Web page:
War of the Rebellion: Serial 011 Page 0335 Chapter XXII. CORRESPONDENCE, ETC.-CONFEDERATE.

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Hold your force well in hand for every emergency, and reconnoiter Yellow Creek without delay.

DANIEL RUGGLES,

Brigadier-General.

GENERAL ORDERS,

HDQRS. ARMY OF THE MISSISSIPPI,

Numbers 5.

Jackson, Tenn., March 17, 1862.

The following regulations are announced for the observance of the troops of this army while on outpost service:

1. The commanders of all detached army corps, divisions, brigades, or regiments of this army, on arriving at a position to be occupied, will carefully reconnoiter, personally and by staff officers, the ground in the vicinity, and all roads and approaches thereto, for a distance of several miles, especially in the known direction of the enemy. The best position for holding all such approaches, under vigilant observation and for the prevention of surprise, will be carefully selected for the advance line of picket sentries, which shall not be less than 1 mile distant from the main body of the command nor more than 3 miles. The force to be employed in this outpost service shall habitually be not less than one-fifth of the command from which it may be detached, and the tour of duty will be for three days.

2. The post of the regiment, battalion, or detachment on outpost service will be selected at a convenient central point about a half mile in rear of the front line to be occupied by sentinels, and there will be the reserve and place for baggage and cooking. One-third of the command or detachment will be thrown forward in three equal parties, equidistant from each other, to within 200 yards of the extreme picket front, and from these detachments smaller detachments, each of from three to six privates, with a commissioned or non-commissioned officer in charge, from which a continuous line of sentries will be established along the entire front to be held and observed, connecting at all times with the sentinels on the right and left, thrown forward either by the picket posts of the same regiment, battalion, or detachment, or established from other regiments, battalions, or detachments, on outpost service. At night the number of sentinels will be doubled.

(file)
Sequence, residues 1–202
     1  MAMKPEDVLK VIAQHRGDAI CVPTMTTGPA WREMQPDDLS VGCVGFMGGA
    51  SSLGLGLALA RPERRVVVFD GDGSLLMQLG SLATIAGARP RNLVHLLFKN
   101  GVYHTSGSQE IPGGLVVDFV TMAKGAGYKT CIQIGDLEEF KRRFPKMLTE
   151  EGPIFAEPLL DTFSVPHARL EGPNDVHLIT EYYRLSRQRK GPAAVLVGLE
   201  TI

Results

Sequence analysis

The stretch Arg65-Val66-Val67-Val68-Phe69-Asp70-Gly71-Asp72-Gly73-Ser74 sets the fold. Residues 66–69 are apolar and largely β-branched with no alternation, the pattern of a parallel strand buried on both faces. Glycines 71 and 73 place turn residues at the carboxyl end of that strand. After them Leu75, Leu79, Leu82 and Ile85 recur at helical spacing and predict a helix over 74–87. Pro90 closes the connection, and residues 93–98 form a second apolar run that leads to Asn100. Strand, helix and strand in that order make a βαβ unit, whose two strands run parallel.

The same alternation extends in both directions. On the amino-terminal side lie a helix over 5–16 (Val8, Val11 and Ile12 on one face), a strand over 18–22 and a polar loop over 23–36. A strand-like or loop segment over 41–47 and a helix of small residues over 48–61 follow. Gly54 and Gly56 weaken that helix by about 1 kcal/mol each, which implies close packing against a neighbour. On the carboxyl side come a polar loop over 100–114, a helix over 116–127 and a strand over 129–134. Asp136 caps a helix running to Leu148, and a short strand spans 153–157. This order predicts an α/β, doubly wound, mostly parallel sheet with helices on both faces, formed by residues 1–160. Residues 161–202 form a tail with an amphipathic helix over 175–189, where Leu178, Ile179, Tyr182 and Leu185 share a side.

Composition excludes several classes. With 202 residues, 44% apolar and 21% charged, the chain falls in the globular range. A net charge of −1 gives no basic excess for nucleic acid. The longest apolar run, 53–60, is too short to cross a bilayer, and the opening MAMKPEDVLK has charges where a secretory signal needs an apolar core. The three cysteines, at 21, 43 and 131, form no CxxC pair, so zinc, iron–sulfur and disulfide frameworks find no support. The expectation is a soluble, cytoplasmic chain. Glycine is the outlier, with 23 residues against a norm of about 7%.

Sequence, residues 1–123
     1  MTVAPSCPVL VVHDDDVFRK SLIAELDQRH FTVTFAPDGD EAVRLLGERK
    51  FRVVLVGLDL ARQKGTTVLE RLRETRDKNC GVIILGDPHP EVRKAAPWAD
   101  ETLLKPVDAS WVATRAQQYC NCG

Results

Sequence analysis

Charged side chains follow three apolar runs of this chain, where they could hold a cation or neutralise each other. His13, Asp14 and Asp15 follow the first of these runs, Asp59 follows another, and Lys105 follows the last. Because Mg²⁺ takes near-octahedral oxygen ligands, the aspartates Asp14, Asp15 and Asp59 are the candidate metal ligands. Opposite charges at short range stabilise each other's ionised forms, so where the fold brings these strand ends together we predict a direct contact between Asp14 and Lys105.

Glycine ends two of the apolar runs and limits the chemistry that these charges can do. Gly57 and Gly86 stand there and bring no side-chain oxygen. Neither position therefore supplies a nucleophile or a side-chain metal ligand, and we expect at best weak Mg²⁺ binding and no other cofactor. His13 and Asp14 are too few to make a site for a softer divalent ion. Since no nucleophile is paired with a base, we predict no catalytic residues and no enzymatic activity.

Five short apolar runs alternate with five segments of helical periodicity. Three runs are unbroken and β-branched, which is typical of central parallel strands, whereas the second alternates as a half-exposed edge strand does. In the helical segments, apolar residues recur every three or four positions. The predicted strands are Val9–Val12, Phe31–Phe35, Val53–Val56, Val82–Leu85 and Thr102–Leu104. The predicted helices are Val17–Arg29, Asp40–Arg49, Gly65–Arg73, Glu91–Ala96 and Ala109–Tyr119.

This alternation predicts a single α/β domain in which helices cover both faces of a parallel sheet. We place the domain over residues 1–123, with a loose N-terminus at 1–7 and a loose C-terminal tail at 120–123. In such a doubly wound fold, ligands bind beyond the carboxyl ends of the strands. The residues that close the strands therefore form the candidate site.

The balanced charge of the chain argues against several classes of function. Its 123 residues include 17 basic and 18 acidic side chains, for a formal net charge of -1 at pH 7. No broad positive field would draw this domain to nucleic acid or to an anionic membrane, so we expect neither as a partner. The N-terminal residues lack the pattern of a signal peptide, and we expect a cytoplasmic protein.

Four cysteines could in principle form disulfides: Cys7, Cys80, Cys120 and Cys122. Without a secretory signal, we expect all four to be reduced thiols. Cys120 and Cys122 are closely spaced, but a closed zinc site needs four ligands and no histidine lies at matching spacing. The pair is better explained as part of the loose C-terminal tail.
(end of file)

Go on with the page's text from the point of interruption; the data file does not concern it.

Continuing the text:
3. Sentinels on picket should be so established as to observe as much and as far as possible while themselves concealed from observation by the enemy. Loud talking, singing, whistling, and fires, except at the reserve, and in very cold weather on the line of company or detachment reserves, are strictly prohibited. Citizens must not be allowed to stay or lounge about the picket posts or converse with pickets. This is particularly enjoined, for under the pretense of hospitality and the simulation of the simple countryman an insidious spy may be lurking to discover our signals of recognition, countersigns, pass-words, or other information to be betrayed to our injury.

4. Officers and non-commissioned officers and soldiers on picket service are at all times [to be] dressed and equipped.

The commander of each outpost command will make frequent visits and inspections of his advanced detachments, picket posts, and front line of sentinels, and he will be responsible for any surprise of his lines, or lax, negligent performance of picket service by his officers and men during the tour. He will give proper instructions to all under his command touching their several duties, and should satisfy himself that those instructions are well understood and rigidly executed. His adjutant, or some other officer selected for the duty, will also visit each